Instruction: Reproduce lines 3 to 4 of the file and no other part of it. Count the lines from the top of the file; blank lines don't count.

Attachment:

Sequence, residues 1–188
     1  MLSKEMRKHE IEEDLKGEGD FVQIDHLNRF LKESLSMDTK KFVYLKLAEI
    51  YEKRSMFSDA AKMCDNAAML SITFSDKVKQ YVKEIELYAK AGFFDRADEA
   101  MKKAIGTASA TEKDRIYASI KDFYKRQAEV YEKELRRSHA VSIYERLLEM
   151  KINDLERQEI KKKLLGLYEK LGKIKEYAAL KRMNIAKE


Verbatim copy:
    51  YEKRSMFSDA AKMCDNAAML SITFSDKVKQ YVKEIELYAK AGFFDRADEA
   101  MKKAIGTASA TEKDRIYASI KDFYKRQAEV YEKELRRSHA VSIYERLLEM